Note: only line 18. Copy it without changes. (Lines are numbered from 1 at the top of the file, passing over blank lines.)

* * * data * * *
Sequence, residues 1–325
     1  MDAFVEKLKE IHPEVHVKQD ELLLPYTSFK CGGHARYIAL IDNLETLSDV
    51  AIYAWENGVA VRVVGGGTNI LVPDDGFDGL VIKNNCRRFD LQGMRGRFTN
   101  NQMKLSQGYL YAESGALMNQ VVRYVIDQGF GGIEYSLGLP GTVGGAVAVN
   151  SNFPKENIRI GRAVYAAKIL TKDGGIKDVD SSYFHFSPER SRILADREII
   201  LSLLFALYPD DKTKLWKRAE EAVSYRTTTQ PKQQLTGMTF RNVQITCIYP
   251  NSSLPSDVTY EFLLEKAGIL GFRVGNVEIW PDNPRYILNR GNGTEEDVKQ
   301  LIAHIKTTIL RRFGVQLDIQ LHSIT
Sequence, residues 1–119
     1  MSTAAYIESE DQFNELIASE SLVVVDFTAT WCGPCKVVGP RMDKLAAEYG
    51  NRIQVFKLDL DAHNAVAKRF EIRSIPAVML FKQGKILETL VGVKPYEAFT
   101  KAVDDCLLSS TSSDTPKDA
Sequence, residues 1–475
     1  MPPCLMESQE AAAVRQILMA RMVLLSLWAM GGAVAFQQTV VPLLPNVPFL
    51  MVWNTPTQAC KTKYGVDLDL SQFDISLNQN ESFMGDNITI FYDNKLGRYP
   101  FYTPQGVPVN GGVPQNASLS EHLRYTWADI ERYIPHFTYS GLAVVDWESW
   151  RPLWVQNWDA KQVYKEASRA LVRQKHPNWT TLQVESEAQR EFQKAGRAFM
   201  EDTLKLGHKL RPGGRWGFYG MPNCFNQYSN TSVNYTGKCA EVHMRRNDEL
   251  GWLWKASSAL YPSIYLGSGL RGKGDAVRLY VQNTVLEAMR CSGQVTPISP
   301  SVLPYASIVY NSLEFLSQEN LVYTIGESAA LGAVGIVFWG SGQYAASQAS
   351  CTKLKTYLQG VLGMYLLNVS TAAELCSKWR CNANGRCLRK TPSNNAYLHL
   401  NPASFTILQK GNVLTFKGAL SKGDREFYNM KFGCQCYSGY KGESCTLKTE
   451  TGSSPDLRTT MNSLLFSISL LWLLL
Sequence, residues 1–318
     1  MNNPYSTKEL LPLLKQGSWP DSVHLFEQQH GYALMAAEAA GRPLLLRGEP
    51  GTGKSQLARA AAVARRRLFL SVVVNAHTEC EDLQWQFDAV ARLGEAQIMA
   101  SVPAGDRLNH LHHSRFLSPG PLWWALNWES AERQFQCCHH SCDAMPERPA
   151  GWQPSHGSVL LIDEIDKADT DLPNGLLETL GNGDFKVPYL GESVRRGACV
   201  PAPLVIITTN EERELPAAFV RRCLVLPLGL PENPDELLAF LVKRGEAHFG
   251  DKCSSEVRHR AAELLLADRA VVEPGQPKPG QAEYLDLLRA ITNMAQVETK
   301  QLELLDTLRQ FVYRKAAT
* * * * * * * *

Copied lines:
   201  EDTLKLGHKL RPGGRWGFYG MPNCFNQYSN TSVNYTGKCA EVHMRRNDEL